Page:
As Gordon Sondland, the Portland hotelier and U.S. ambassador to the European Union, prepares to give closed-door testimony to the House Intelligence Committee on Oct. 17, more information about his role in the Trump administration's dealings with Ukrainian officials is coming to light.

Sondland will present his version of events beginning at 9:30 am Thursday, following preparation with his legal team, led by Jim McDermott, his longtime Portland personal attorney, and Robert Luskin, a Washington, D.C., attorney who represented GOP strategist Karl Rove in the Valerie Plame affair and cyclist Lance Armstrong in his anti-doping case.

New reporting this week shows how Sondland emerged as a central figure in the impeachment investigation.

1. The New York Times reported that Fiona Hill, a former intelligence officer who worked under Presidents Bush and Obama and as a Trump adviser on Russia and Europe, testified Oct. 14 about an explosive July 10 meeting that Sondland and former National Security Adviser John Bolton held with Ukrainian representatives. The Times says Hill testified that Bolton got into a "tense exchange" with Sondland over an alleged "rogue effort" by Sondland, Trump's attorney Rudy Giuliani, and chief of staff Mick Mulvaney to get Ukraine to investigate Democrats. Hill said Bolton was so concerned that he ordered Hill to alert White House lawyers about the meeting. Hill also reportedly said that when she asked Sondland why he was involved in Ukrainian matters, since Ukraine isn't part of the E.U., he said Trump had picked him. "He told her that he was in charge of Ukraine, a moment she compared to Secretary of State Alexander M. Haig Jr.'s declaration that he was in charge after the Ronald Reagan assassination attempt," the Times reported.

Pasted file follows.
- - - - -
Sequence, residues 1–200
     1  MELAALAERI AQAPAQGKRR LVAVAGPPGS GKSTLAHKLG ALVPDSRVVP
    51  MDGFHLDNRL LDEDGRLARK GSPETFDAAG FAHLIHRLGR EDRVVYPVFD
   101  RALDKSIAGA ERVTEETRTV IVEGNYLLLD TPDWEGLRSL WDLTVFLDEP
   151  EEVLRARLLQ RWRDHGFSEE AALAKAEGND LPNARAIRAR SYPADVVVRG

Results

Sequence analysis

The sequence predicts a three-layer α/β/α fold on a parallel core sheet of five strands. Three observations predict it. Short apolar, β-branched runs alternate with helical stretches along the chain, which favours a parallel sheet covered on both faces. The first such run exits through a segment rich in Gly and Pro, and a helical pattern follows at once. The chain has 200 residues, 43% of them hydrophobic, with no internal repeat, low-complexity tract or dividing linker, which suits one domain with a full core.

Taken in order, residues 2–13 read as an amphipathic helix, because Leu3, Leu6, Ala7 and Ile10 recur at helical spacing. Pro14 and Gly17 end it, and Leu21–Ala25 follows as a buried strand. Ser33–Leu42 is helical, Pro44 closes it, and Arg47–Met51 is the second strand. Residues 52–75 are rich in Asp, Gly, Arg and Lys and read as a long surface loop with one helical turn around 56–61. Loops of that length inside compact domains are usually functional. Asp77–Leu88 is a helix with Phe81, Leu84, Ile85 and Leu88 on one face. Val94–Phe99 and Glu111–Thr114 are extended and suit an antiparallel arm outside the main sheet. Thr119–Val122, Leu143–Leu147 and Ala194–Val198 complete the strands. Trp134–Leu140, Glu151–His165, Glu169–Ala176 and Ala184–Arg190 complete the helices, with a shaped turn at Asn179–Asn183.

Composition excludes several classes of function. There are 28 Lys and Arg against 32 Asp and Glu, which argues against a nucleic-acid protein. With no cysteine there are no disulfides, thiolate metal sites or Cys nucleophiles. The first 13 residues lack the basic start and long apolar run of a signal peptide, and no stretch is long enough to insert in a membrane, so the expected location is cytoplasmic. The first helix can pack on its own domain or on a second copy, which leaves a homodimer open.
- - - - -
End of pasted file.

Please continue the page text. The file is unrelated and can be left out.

2. In a lengthy profile of Sondland, The Washington Post reported he hoped to parlay his diplomatic work into a more senior position. "Current and former U.S. officials and foreign diplomats say Sondland seemed to believe that if he delivered for Trump in Ukraine, he could ascend in the ranks of government," the Post reported. "A person close to Sondland disputed that notion, but other officials said Sondland had been talked about in the administration as a possible successor to Commerce Secretary Wilbur Ross." In the same story, Sondland's wife, Katherine Durant, decried the dogpile on her husband, including calls to boycott Provenance Hotels, the chain he founded. "This environment is so sad and vicious that there is no one who will stick up for him," Durant told the Post. "I find it really pathetic."

3. WW has learned of an unreported link to a key figure in Trump's orbit, the California financier Elliott Broidy. Broidy served as deputy finance chairman of the Republican National Committee as well as vice chair of the Trump Victory Committee and Trump's inauguration. In 2016, one of Sondland's companies invested $200,000 in a Broidy company, Threat Deterrence Capital LLC. (The two men were "casual political friends in Republican donor circles," according to McDermott.) When Trump tapped Sondland for his ambassadorship, Sondland assigned the investment to his two children in response to a State Department divestment request. Broidy later resigned from the RNC after The Wall Street Journal reported that he'd paid a Playboy playmate $1.6 million after getting her pregnant. When Broidy's legal troubles became big news in 2018, the Sondland children sold their stake in Threat Deterrence back to the company for $200,000. McDermott says the Broidy investment was "unrelated" to Sondland's nomination to his ambassadorship.